before. Over the last six months, more than 400 City employees
have received this training. In addition, DHR and OES/HS are developing
a "skills-tracking" computer program - which will identify
language skills, medical skills, and special training - to help
strategically and effectively deploy employees during an emergency
event. We expect to expand the program to train hundreds of employees
over the coming year (pending funding and personnel).
Investing in critical equipment and security upgrades. Major
improvements have been made to the City's emergency radio communications
system. Funding has been provided for protective equipment for
first responders for CBRNE (Chemical, Biological, Radiological,
Nuclear, Explosive) types of events. And we've invested in security
improvements for critical infrastructure.
CITIZEN PREPAREDNESS AND PUBLIC NOTIFICATION
Created an innovative and interactive new website - www.72hours.org.
72hours.org helps San Franciscans plan for emergencies such as
earthquake, fire, severe storms, power outages, and acts of terrorism.
The website is available in English, Spanish and Chinese. We've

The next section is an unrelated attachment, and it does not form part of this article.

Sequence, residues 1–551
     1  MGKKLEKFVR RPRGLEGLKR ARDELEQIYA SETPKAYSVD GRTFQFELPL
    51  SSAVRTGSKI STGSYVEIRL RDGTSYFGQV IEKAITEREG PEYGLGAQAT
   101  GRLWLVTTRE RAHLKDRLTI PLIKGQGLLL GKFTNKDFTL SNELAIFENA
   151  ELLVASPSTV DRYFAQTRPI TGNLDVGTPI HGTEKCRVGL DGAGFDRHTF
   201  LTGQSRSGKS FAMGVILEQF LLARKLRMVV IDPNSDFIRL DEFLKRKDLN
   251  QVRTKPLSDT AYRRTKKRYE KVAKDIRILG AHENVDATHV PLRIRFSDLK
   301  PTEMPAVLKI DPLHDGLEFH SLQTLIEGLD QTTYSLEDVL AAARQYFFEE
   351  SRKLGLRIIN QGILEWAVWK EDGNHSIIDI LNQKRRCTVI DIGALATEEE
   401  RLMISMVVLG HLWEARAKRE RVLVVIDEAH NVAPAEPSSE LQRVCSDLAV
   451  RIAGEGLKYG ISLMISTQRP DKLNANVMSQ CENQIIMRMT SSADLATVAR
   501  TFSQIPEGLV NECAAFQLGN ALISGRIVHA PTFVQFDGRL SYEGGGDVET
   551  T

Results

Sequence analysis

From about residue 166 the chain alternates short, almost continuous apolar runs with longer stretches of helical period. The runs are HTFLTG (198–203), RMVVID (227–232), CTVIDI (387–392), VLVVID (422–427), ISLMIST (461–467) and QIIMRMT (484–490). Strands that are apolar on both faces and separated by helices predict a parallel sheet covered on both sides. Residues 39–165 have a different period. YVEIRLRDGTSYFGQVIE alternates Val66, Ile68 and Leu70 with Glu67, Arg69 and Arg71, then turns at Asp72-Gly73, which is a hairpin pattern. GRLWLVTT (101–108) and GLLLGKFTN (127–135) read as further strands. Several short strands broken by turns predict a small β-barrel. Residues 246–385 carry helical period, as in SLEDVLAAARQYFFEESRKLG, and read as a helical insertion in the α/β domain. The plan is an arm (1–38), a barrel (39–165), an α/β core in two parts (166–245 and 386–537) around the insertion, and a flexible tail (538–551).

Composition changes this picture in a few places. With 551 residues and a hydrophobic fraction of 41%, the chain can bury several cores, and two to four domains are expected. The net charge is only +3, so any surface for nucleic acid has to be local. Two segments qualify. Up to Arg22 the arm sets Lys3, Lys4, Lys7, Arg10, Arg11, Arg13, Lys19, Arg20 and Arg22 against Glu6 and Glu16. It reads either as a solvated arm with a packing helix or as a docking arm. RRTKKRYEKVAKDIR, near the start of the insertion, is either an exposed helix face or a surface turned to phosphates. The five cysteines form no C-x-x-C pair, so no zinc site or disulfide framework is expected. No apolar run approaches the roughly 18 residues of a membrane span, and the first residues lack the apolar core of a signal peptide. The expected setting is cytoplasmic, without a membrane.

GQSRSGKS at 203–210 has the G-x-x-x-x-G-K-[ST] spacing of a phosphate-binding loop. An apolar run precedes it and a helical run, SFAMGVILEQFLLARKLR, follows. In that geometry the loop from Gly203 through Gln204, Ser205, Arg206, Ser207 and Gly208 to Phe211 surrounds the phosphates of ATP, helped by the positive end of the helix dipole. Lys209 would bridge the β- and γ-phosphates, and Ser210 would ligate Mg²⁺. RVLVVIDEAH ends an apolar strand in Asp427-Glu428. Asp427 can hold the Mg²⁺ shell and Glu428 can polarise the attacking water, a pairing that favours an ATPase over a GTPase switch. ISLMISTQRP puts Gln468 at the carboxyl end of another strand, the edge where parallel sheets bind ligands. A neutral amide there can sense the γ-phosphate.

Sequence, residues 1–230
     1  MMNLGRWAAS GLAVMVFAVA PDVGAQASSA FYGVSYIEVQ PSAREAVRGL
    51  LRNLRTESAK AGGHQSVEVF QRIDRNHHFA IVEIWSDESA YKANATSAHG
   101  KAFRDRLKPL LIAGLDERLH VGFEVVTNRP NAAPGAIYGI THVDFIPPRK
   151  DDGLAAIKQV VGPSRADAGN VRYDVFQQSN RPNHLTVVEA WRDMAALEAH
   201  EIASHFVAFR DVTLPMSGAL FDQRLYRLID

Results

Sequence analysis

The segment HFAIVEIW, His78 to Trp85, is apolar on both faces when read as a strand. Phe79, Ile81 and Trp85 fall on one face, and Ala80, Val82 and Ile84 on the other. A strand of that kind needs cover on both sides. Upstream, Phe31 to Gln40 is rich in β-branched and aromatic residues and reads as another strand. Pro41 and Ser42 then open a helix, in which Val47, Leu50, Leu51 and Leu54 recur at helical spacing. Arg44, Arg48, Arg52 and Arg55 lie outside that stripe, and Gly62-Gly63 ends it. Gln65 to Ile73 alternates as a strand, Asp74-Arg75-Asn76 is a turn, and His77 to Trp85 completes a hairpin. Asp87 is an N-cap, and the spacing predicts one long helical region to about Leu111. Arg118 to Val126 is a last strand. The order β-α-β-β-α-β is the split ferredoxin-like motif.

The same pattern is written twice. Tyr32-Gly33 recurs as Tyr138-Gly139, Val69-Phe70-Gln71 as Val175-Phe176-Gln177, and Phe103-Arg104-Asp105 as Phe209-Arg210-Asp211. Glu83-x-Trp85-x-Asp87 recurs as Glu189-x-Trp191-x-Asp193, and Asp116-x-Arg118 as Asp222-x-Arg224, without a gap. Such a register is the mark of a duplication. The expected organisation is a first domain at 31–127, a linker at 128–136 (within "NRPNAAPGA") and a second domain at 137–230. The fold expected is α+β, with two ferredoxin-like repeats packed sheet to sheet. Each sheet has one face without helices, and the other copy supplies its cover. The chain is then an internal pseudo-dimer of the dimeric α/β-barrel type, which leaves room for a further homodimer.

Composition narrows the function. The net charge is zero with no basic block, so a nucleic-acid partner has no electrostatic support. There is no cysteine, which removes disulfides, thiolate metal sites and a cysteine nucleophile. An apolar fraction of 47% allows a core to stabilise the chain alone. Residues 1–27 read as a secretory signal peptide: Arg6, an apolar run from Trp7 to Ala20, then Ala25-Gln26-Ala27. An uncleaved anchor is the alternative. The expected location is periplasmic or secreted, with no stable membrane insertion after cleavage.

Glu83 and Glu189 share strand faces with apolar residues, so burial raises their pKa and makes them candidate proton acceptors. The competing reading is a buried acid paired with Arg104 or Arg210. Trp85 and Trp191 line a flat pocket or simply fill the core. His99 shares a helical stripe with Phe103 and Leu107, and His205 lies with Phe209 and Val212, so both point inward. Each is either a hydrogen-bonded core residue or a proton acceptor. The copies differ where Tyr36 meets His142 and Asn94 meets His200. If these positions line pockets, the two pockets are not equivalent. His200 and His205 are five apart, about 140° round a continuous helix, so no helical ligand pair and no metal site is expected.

launched public education campaigns using bus and shelter ads
and street banners to encourage people to visit the website and
get prepared. We've designed new multilingual brochures with the
same content as the website.
The city of Chicago has emulated the website and other cities
and jurisdictions, including Sonoma, Boston, Annapolis, and San
Diego, have contacted OES/HS with an interest in adopting 72hours.org.
Since last September, 72hours.org has had more than 302,000 visitors.
In the month of April alone, there were over 40,000 visitors,
doubling the number from the previous month. And the site has
recently won a Webby Award, the leading international honor for
Developed a Community Outreach Program and Ad Campaign. OES/HS
regularly presents preparedness information at venues including
street fairs, town halls and community meetings. Each year during
Fleet Week, we hold an earthquake preparedness fair at Marina
Green that attracts thousands of people.
In the fall of 2005, OES/HS launched a unique ad campaign that
encouraged San Franciscans to think about what items they need
in order to be prepared for an emergency. The theme of the ads,
which appeared on MUNI buses and bus shelters, was "Nice
to Have"/"Need to Have," juxtaposing items such
as water and wine; sushi and a can of tuna; a battery-operated
toy monkey and a flashlight with batteries.
The latest ad campaign, launched in mid-April, centers around
the centennial of the 1906 earthquake. The campaign consists of
five designs in English, Chinese and Spanish and reminds citizens
that in a major disaster, it might be three days before vital
services are restored. The ads appear on 134 MUNI buses, 30 bus
shelters and on 2,000 bus interior placards and will run through